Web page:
# Is the sentence “$(A,\in)\models ZFC$” absolute?

I know that we can assume that formulas are objects in $V_\omega$, and that notions such as formula and satisfiability for a standard model (when the universe is a set) are definable and absolute. Because of that it appears to me that we can define an absolute (metamathematical) formula that "decides" when a formula (as an object in the universe) belongs in ZFC and furthermore through it we can write a formula $S(A)$ that states $(A,\in)\models ZFC$ , which again will be absolute. Is this correct?

Furthermore, given sets $A$ and $E\subset A\times A$ it looks to me that the satisfiability of the model $(A,E)$ can be described with a $\Delta_1$ formula $S(A,E,\ulcorner\phi\urcorner)$ and thus is absolute. Is this true? And does this mean that "$(A,E)\models ZFC$" is absolute as well?

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Yes, this is absolute, for the reasons you state. There is a small subtlety, in that a model $(M,E)$ of ZFC may actually think that ZFC is inconsistent. Another subtlety is that a satisfaction predicate is easy to define for set models, but is in general not definable for proper classes. – Andrés E. Caicedo Feb 26 '11 at 2:23
@Andres: Thank you for your answer. – Apostolos Feb 26 '11 at 16:07

Here is a way to see directly that the satisfaction relation $M\models\varphi[a]$ has complexity $\Delta_1$ in set theory. This relation is defined (by Tarski) by induction on the complexity of $\varphi$. Thus, we can say that $M\models\varphi[a]$ if and only if there is a function mapping formulas and points in $M$ to the set {satisfied, not satisfied}, which satisfies the inductive properties of Tarski's definition (so that atomic formulas are correctly satisifed, the satisfaction relation on negation inverts the answer, the relation on Boolean combinations works correctly and the relation on quantifiers works correctly). These requirements on the satisfaction relation S have complexity $\Delta_0$, since we need only quantifiy over $S$, over $M$ and over the natural numbers (codes for formulas). Furthermore, one can prove that there is a unique satisfaction relation, so $M\models\varphi[a]$ if and only if there is a satisfaction relation showing this, if and only if all satisfaction relations show this. So the satisfaction relation is $\Delta_1$.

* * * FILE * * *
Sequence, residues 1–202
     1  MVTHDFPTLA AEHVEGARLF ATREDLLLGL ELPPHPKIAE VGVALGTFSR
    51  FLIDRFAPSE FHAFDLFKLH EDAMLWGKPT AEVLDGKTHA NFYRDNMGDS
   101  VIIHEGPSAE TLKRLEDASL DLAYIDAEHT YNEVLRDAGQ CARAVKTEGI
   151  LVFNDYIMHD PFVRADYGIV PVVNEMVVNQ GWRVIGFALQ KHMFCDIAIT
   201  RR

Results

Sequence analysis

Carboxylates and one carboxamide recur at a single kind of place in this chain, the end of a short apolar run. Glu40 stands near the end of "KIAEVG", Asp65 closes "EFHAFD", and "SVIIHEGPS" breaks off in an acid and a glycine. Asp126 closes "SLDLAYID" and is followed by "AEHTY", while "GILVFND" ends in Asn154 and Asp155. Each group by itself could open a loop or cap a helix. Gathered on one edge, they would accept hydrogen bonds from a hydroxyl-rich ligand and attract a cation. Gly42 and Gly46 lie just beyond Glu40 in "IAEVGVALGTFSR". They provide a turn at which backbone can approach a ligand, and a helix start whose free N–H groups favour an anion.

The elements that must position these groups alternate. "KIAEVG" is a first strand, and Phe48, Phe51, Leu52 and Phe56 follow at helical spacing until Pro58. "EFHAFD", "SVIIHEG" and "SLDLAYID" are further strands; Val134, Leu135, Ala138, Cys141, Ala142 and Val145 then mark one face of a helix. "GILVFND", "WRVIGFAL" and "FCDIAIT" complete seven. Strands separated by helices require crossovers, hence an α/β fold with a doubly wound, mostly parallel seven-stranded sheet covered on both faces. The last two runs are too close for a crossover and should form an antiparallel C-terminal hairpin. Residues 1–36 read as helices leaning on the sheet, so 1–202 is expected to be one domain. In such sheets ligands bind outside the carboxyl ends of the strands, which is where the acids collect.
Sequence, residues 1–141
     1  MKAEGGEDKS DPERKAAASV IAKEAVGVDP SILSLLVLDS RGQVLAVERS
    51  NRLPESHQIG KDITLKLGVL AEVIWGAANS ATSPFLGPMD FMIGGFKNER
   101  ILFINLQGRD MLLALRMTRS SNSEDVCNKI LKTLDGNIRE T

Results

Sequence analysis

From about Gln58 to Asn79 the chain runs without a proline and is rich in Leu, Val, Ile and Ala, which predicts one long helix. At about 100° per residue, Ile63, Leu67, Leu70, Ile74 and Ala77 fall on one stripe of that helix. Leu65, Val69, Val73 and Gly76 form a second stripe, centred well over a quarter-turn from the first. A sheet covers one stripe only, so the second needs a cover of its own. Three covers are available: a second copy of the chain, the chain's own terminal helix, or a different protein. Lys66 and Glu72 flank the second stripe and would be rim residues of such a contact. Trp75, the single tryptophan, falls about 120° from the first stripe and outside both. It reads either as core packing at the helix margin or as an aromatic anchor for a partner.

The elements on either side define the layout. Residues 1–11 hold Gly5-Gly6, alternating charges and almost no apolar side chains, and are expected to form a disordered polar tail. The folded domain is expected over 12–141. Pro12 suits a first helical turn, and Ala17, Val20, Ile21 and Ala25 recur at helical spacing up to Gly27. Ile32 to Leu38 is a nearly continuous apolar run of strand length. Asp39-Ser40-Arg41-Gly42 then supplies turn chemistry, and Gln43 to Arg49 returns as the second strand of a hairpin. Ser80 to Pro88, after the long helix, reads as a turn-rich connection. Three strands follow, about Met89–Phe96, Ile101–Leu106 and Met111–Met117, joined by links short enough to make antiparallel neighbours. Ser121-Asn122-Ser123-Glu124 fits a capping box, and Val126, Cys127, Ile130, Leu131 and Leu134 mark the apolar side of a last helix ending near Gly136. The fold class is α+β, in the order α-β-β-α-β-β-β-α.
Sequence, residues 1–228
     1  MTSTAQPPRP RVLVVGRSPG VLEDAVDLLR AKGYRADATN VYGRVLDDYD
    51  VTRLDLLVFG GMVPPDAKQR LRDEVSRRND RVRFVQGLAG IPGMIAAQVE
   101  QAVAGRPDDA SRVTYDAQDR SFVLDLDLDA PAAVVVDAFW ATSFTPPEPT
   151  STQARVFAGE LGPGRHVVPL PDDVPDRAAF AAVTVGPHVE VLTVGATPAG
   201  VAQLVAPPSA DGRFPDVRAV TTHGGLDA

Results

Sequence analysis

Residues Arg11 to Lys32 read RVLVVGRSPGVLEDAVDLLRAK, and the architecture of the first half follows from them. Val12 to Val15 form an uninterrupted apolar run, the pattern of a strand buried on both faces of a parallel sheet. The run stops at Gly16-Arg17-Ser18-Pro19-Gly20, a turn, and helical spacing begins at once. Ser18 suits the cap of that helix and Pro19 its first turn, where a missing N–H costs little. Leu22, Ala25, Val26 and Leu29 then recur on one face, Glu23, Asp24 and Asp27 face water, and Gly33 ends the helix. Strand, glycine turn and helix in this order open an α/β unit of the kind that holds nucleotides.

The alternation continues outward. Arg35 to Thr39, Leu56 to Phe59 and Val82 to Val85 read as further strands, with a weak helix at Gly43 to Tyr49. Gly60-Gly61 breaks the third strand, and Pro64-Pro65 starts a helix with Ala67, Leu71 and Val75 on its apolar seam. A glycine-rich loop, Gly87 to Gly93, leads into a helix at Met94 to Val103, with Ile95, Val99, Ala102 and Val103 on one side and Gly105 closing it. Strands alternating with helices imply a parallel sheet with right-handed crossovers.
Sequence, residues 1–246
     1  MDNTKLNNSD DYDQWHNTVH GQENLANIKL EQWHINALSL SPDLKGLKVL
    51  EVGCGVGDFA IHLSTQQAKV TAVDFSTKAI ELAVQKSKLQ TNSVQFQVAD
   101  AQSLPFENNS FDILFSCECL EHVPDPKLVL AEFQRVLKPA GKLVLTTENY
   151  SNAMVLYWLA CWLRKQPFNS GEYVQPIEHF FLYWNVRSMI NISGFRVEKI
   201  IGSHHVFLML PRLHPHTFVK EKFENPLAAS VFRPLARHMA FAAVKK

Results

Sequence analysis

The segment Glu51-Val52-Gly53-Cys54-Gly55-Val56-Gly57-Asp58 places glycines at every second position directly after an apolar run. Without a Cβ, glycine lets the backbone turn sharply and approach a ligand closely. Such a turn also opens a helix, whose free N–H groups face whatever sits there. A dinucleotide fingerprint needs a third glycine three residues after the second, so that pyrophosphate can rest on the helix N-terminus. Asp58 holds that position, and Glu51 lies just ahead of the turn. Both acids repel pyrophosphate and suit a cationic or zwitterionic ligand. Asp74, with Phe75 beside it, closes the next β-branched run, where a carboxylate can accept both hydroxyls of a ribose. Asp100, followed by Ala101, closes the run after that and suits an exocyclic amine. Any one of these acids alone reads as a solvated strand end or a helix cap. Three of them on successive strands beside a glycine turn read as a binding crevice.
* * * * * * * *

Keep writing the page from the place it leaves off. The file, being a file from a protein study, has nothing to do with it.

It works the same for any theory, such as ZFC as in your question, since this just adds an additional quantifier over the natural numbers (for every axiom, it is satisfied), which is bounded and therefore doesn't increase the complexity beyond $\Delta_1$.

Thus, being a model of any particular assertion or theory is $\Delta_1$ and therefore absolute in the sense you may have had in mind. For example, any model of set theory will agree with all its forcing extensions and inner models about whether a given set structure is a model of ZFC.

Addendum. But there is another subtle sense in which being a model of ZFC is not absolute. For example, suppose that $M$ is a model of $ZFC+\neg Con(ZFC)$, so that $M$ thinks there are no models of ZFC at all. So this model $M$ must have nonstandard natural numbers, since otherwise it would have the same proofs from ZFC as we do and so it would realize that ZFC is consistent. Inside $M$, we may enumerate the axioms of what $M$ thinks of as ZFC (this includes nonstandard instances of the axioms). In $M$, consider the largest initial segment of the axioms that $M$ thinks is true in some rank initial segment $(V_\alpha)^M$. By the Reflection theorem, this includes all the standard initial segments. Thus, what $M$ thinks is the longest such realizable initial segment of the axioms has nonstandard length. And so the corresponding set $(V_\alpha)^M$ satisfies all the standard instances of axioms of ZFC. That is to say, it really is a model of ZFC, but $M$ doesn't think it is, because $M$ thinks that some of the nonstandard axioms are not true there. So this is an example of non-absoluteness, where two universes of set-theory can disagree about whether a given structure is a model of ZFC or not.

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Thank you, this was extremely informative. – Apostolos Feb 26 '11 at 16:07